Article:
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(New English Library, London, 1979)
price: 75p; 144 pages

The blurb on the back:

'He's a handy lad, that Terry. His big trouble is he gets ambitious. He hasn't the head for ambition.'
Terry was out after eighteen months in Wandsworth - and lucky not to have pulled a three-year stretch, his lawyer said. Arthur had dropped him in it again. But Arthur came up with the jobs, and if a job went wrong - well, that was no direct fault of Arthur's, just like he said. And a man like Arthur Daley had a lot to lose; Terry McCann had nothing.
One day, Terry kept telling himself, he was going to cut loose, walk on the pavement instead of in the gutter. He didn't need Arthur, and plenty of people needed someone like Terry; muscle, but with style. Arthur was sure he could get by, too, find himself a new minder - 'There's hundreds of lads like Terry around London, thousands most likely.'
Then the disasters began to pile up for both of them...

If all that Minder means to you is Dennis Waterman's rubbish theme song ('I Could Be So Good For You'), his even more rubbish haircut and a string of George Cole catchphrases, then it might be worth having a look at this book. Written by Leon Griffiths, the creator of the series, and issued around the time of the first broadcast, it's a much tougher proposition than you might imagine.

The West London that small-time criminal Arthur Daley and his ex-boxer sidekick Terry McCann originally used to inhabit was not the cosy quasi-sitcom world of Only Fools and Horses. It was a miserable, cold little place where lonely people failed to make any contact with each other, where a violent criminal elite preyed on the helpless poor and where the police were at best powerless and at worst corrupt. The humour is in there, but it's a much more desperate affair than you remember: a resigned response to a bleak existence.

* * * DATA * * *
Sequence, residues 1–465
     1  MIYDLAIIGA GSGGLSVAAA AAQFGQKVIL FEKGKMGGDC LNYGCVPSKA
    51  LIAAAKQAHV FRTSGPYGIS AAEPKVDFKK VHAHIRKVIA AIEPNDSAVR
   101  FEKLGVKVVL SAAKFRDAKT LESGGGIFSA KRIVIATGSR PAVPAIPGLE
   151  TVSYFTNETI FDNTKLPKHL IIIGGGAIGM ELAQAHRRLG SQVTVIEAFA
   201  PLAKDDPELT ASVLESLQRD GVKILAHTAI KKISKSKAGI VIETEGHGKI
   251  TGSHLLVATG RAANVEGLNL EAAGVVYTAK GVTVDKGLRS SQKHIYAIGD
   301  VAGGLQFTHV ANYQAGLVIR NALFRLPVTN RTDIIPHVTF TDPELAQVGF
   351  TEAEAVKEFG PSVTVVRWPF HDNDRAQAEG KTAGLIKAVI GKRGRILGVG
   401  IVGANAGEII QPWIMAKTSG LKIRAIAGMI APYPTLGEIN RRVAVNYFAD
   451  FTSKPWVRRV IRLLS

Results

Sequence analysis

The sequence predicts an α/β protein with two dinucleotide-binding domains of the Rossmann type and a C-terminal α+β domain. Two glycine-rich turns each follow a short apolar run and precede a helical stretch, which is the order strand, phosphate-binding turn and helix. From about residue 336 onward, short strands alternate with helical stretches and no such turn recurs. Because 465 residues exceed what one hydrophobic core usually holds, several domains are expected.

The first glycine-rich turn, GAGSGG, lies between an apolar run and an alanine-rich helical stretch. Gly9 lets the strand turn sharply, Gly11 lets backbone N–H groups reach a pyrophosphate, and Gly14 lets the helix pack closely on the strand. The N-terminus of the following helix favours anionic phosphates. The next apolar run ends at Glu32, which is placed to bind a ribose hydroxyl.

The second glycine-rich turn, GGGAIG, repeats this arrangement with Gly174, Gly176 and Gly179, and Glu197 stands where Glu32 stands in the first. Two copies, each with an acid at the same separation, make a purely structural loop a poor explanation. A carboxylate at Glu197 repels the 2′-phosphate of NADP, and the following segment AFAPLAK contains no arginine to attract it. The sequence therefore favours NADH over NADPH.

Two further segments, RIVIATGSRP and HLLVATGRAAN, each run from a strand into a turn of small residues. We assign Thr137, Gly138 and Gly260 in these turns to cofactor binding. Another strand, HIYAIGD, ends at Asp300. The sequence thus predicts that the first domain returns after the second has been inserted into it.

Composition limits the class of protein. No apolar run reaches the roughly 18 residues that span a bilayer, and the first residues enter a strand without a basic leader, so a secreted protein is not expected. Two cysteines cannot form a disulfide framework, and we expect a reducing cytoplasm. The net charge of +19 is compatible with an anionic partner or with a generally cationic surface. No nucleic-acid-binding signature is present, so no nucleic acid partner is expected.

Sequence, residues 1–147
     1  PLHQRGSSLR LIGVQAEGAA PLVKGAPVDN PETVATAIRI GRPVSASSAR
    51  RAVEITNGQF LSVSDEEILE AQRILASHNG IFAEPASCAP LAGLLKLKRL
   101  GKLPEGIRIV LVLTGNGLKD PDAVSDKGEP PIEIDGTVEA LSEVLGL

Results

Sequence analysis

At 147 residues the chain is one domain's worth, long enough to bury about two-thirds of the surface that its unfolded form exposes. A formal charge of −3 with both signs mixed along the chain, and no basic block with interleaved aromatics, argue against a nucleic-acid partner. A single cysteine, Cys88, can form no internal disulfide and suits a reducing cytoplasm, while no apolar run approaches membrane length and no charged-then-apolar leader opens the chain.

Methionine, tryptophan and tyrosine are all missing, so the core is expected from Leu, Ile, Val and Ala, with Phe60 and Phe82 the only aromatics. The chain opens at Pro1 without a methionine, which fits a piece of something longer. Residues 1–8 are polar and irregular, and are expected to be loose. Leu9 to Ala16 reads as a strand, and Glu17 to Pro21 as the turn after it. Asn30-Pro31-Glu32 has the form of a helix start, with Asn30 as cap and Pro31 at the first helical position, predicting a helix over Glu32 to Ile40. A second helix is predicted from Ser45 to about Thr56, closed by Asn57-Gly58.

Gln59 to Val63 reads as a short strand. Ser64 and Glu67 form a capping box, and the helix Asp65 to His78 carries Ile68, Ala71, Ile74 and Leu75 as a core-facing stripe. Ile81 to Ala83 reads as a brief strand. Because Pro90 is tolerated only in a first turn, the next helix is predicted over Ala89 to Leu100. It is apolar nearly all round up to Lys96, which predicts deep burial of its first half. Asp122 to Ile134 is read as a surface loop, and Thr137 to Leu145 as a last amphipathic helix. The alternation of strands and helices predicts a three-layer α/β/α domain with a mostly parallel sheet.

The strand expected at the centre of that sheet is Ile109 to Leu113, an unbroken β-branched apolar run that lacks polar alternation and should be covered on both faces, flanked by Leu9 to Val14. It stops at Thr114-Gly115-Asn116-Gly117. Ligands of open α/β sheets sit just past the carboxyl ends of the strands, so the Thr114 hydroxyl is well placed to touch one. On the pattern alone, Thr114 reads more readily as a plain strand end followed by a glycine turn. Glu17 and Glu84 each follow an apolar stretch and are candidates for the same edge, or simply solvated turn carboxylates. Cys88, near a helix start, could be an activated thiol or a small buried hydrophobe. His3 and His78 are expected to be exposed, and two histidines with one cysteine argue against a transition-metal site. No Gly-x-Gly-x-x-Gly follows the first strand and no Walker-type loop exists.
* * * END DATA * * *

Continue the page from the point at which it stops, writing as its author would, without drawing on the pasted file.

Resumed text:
All that changed, of course, when it hit the TV. The casting of George Cole as Daley was a crucial decision that ensured the series fell on the comedy side of the comedy-drama divide. Fine actor though he is, Cole was always going to play the character for laughs rather than existential meaninglessness. And the most telling fact of all is the position of Mrs Daley. On TV she was never seen, only referred to as 'Er Indoors, but here you discover that she has a name (Sarah Daley) and that her home-life is pretty unenviable:

'I'm trying that bran diet.' Sarah touched her pudgy hip self-consciously. 'I think it's starting to work.'
Arthur shook his head. 'Don't want to mess around with that chemical rubbish. There was a bit in the Sunday Telegraph about it. Leads to cancer in some people.'
'I think that was something else,' Sarah said diffidently.
'Suit yourself.' He patted her again, the second time in a minute and the third time in a year. (p.24)

On TV there was no such depiction of the marriage, settling instead for a fantasy of arrested development in which boys would always be boys. It was a much safer option - less interesting, but ultimately much more sensible if you wanted a hit show.

And of course, it was a massive hit. It ran from 1979 to '85, at which point Dennis Waterman gave it up as a busted flush. Even then it wasn't over: Cole returned in 1988 for a further six years in the company of Gary Webster. All of which was okay - in fact it was very good indeed in the early days - but it was nowhere near as good as this book.

the boys
Messrs Waterman & Cole


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